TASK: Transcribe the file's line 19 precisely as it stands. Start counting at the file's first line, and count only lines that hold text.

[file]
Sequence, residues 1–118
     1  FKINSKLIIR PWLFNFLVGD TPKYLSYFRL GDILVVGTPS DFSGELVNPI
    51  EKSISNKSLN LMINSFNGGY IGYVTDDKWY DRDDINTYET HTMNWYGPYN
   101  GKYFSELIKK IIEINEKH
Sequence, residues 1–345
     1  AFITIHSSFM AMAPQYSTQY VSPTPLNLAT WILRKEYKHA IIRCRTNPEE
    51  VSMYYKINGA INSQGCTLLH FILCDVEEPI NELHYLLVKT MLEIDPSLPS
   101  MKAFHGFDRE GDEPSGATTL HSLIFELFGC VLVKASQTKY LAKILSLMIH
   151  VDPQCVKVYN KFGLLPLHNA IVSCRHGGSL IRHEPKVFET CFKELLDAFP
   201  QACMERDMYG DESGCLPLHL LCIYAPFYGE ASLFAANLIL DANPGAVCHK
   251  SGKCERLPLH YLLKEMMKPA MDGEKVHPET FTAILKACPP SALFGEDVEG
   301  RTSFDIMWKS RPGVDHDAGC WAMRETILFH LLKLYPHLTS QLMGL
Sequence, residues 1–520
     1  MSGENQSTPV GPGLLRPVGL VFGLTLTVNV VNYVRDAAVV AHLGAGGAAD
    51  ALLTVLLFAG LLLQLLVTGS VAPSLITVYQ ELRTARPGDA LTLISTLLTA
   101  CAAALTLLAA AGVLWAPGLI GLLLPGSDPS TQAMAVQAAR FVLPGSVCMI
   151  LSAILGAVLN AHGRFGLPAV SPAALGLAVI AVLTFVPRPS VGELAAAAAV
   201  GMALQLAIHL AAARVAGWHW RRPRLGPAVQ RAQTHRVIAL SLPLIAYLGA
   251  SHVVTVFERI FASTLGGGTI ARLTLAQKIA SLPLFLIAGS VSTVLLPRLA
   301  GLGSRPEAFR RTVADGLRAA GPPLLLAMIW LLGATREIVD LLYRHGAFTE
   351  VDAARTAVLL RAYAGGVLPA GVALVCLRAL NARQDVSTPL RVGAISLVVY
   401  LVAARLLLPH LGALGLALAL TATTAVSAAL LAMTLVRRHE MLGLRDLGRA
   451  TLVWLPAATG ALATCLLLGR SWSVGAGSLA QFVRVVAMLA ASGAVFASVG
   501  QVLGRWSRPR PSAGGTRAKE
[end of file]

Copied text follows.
   251  SHVVTVFERI FASTLGGGTI ARLTLAQKIA SLPLFLIAGS VSTVLLPRLA